A number of American space exploration pioneers were launched from CCAFS, including the first U.S. Earth satellite in 1958, first U.S. astronaut (1961), first U.S. astronaut in orbit (1962), first two-man U.S. spacecraft (1965), first U.S. unmanned lunar landing (1966), and first three-man U.S. spacecraft (1968). It was also the launch site for all of the first spacecraft to (separately) fly past each of the planets in the Solar System (1962–1977), the first spacecraft to orbit Mars (1971) and roam its surface (1996), the first American spacecraft to orbit and land on Venus (1978), the first spacecraft to orbit Saturn (2004), and to orbit Mercury (2011), and the first spacecraft to leave the Solar System (1977). Portions of the base have been designated a National Historic Landmark for their association with the early years of the American space program.[5]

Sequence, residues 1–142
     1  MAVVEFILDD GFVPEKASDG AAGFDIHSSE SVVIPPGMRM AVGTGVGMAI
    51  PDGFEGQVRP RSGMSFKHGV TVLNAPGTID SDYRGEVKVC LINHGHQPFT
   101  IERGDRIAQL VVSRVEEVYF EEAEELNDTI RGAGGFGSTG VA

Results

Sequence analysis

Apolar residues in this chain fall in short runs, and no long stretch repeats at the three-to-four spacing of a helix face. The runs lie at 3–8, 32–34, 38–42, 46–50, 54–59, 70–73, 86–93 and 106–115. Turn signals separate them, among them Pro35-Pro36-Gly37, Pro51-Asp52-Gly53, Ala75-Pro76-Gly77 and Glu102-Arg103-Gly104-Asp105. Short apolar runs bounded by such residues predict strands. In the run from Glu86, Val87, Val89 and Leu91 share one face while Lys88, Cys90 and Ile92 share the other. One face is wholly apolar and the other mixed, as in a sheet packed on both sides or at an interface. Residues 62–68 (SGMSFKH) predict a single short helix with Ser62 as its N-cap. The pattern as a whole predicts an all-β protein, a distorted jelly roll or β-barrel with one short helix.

History

The CCAFS area had been used by the United States government to test missiles since 1949, when President Harry S. Truman established the Joint Long Range Proving Ground at Cape Canaveral.[6] The location was among the best in the continental United States for this purpose, as it allowed for launches out over the Atlantic Ocean, and is closer to the equator than most other parts of the United States, allowing rockets to get a boost from the Earth's rotation.

Air Force proving ground

A Bumper V-2 was the first missile launched at Cape Canaveral, on July 24, 1950.